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Crime and Punishment
by Fyodor Dostoevsky
Crime and Punishment Part 1, Chapter 1 Summary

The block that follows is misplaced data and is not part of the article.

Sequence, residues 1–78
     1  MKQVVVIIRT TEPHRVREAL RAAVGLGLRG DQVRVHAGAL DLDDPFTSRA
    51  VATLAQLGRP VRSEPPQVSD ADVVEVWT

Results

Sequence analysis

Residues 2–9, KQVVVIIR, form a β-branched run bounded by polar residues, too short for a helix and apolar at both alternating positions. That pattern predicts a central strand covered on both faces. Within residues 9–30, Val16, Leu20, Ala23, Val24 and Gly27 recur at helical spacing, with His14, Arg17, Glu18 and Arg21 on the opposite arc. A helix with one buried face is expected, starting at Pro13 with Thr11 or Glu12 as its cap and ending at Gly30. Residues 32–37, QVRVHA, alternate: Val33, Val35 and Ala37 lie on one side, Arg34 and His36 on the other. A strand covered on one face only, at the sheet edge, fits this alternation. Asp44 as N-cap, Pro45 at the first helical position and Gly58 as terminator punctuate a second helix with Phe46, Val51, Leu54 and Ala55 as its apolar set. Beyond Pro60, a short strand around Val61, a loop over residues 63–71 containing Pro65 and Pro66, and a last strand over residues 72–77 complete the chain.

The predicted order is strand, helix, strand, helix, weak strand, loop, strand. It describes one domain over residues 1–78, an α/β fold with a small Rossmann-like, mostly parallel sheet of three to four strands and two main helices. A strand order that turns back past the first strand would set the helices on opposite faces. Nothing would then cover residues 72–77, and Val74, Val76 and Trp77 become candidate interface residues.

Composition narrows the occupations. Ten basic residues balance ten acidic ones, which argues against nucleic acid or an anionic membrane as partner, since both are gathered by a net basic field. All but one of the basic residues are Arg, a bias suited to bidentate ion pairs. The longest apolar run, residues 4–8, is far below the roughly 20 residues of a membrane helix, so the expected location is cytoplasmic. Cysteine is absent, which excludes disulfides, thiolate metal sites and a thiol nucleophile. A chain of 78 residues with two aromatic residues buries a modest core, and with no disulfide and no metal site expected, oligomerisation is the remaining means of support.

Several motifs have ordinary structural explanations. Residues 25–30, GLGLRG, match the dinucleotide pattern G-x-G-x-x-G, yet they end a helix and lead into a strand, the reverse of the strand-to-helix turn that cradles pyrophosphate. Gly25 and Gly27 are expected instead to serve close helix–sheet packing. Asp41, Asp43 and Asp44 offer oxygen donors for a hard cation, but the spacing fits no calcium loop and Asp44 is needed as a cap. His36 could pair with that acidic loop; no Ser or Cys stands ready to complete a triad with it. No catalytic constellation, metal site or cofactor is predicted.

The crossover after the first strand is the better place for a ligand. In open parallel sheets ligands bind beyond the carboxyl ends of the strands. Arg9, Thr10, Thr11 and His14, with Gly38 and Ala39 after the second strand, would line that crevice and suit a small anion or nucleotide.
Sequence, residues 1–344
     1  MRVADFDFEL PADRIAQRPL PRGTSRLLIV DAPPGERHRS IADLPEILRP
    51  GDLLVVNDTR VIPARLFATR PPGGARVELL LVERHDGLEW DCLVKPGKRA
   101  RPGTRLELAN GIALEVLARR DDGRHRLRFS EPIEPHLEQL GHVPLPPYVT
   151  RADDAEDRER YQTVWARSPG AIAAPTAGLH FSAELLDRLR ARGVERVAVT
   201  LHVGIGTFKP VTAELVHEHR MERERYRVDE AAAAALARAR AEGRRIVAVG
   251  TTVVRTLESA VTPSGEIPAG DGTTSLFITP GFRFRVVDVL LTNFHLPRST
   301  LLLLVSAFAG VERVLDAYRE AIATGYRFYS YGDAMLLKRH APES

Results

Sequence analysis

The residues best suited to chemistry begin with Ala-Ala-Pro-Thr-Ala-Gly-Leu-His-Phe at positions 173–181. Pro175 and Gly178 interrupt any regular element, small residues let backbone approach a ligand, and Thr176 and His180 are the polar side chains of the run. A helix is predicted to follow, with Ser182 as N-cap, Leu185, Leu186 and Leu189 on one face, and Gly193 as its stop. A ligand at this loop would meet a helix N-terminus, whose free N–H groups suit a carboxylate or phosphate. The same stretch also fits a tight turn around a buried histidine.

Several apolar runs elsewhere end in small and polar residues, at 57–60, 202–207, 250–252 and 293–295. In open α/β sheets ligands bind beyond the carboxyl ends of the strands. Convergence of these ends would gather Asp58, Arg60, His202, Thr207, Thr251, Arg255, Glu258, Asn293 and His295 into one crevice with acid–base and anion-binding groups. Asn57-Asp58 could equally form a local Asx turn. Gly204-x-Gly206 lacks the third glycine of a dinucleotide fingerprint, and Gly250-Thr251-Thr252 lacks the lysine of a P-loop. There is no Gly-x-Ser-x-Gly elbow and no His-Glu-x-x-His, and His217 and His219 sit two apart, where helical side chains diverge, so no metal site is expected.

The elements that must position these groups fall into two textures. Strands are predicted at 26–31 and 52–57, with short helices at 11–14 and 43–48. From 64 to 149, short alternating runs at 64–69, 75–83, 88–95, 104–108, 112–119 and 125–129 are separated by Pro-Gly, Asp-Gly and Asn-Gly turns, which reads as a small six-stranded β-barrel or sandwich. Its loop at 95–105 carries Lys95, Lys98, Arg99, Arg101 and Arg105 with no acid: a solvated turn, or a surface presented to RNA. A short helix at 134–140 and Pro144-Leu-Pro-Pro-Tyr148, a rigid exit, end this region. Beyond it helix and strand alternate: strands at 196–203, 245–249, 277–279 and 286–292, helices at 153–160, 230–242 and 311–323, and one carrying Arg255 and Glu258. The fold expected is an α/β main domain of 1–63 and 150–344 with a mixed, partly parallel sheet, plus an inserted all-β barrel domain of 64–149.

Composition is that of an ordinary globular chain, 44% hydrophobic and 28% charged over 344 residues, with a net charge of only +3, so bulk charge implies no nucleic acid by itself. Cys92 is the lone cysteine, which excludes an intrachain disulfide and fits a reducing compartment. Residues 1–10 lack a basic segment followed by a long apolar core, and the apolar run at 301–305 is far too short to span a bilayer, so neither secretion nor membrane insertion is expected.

It's an extremely hot night in early July. "A young man" leaves his room at S. Place and heads toward K. Bridge. Fortunately, on his way out he doesn't run into his landlady. The fifth-floor room he rents from her is horrible, but meals are supposed to be included. Since the landlady lives on the floor below him, he has to pass by her kitchen door to get out of the building. That door is almost always open. Whenever the man passes it, he feels uncomfortable and maybe even scared. Thinking of this makes him ashamed, and he scowls. Because he owes the landlady lots of money, he doesn't want to run into her. It isn't that he's a beat-down kind of guy, or the nervous/afraid type. It's that lately he's been grumpy and tense, in a gloomy way, and so self-absorbed that he's hiding from life. The man is extremely poor, but it doesn't bother him because he's stopped bothering with the business of ordinary life (like paying the rent). But, he's still afraid of his landlady. By the time he gets to the street, he's surprised that he actually is scared of her. He begins to wonder how he can think of doing something so bad (don't worry, the bad thing will be revealed before Part I is over) and still be scared of silly little things like landladies. He's talking to himself (possibly out loud) about how fear keeps people from achieving what they could if they weren't afraid. He wonders what people's biggest fear is. According to him, people are most afraid of doing a new thing —and even more than that, people are afraid of new words. He berates himself for talking too much. He's hardly been leaving his room lately and spends lots of time curled up in a corner, muttering to himself and thinking wild thoughts. Not sure why he's left his room now, he wonders if he could really do the mysterious bad thing we heard about before. Whatever it is, he's not sure if he would really do it or not. It's hot and dusty, and St. Petersburg has a unique summer stink that aggravates his nervousness. All the drunks walking around make it worse. So, he gets a really hateful look on his face. (According to the narrator, beneath his rags, the young man is very good looking: tall and cut and thin, with brown eyes and hair.) After complaining about the surroundings for a moment, he forgets where he is again and starts talking to himself. Wait, he thinks, maybe my thoughts are so messed up because I haven't eaten in 48 hours. He's dressed in complete rags —most people wouldn't go on the street that way. But, he's so deep in his own feelings of contempt that he doesn't care what he looks like. Some drunk guy starts making fun of his hat, and he gets nervous. It was a good hat when he got it, but now it's old and really funny looking. Thinking about the hat gets the young man excited. The hat could mess everything up. It could make people notice and remember him! He has to get rid of it and get a normal raggedy hat to match his raggedy clothes. Item: there are "exactly seven hundred and thirty" steps from his house to where he's going. He counted. Last month, he had started fantasizing about doing it (the bad thing), but now he's gone beyond fantasizing and is doing a practice run. Totally freaked out and full of nerves, he gets to a huge building. Many poor working people live in the building, and lots of people are coming and going. He gets through the gate and to the dark stairs without being noticed by any of the porters. The darkness is nice; it hides him. If I'm this petrified now, on a practice run, he thinks, imagine what it will be like if I really do it. When he gets to the fourth floor, he notices that the people living there will be moving —meaning that the old lady will be the only one living on this floor. He rings the old lady's bell, shaking, his nerves shot. She's around 60, a tiny, dried-up woman with horrible eyes and her hair in a long, greasy braid. Coughing and moaning, she gives him mistrustful looks. Now, we learn the man's name when he tells it to the old woman. His name is Raskolnikov. He reminds her that he's a student who pawned something the month before. (The old woman is a pawnbroker.) Wondering if she's always this suspicious, he says he wants to pawn something else. Raskolnikov is invited in and sees the sun setting, through the window. This freaks him out. The sun will be just like this when he does the terrible thing. Trying to memorize the room, his eyes move everywhere. He knows the place is so clean because Lizaveta cleans it. (You'll find out who she is soon enough.) Raskolnikov shows the pawnbroker, Alyona Ivanovna, the pocket watch he wants to pawn. Now some tricky pawnshop haggling happens. Alyona wants him to pay up and get the ring he pawned out of hock. Raskolnikov wants to pay the interest on the ring in a few days and for Alyona to give him 4 roubles for the watch now. She says she'll only give him a rouble and a half and that she wants the interest on it in advance. He wants to walk out, but he has nobody else to pawn his watch to. He also has some other reasons for being here. Alyona goes behind a curtain, and Raskolnikov hears her opening drawers. He's thinking about the different places she keeps her keys. His thoughts make him ill. Alyona comes back and gives him 1 rouble and 15 copecks. She's charging him a month's interest in advance on the money she's loaning him on the watch and a month's interest on the ring. He takes the money and lingers in the room, telling Alyona that he might have something special to pawn next week —a cigarette case. (Remember this.) She tries to get rid of him. He asks if she's all alone or if her sister is there, too. She says it's none of his business. He finally leaves, stumbling and confused. On the street, he starts yelling at himself, sick with horror that he'd been thinking of doing something so bad. He doesn't know what to do with himself. A beer! He goes into a bar and drinks one. Various people in various states of drunkenness are in the bar. One man sits sipping from a bottle of vodka, away from the crowd. He looks distressed. And then the chapter (rather abruptly) ends.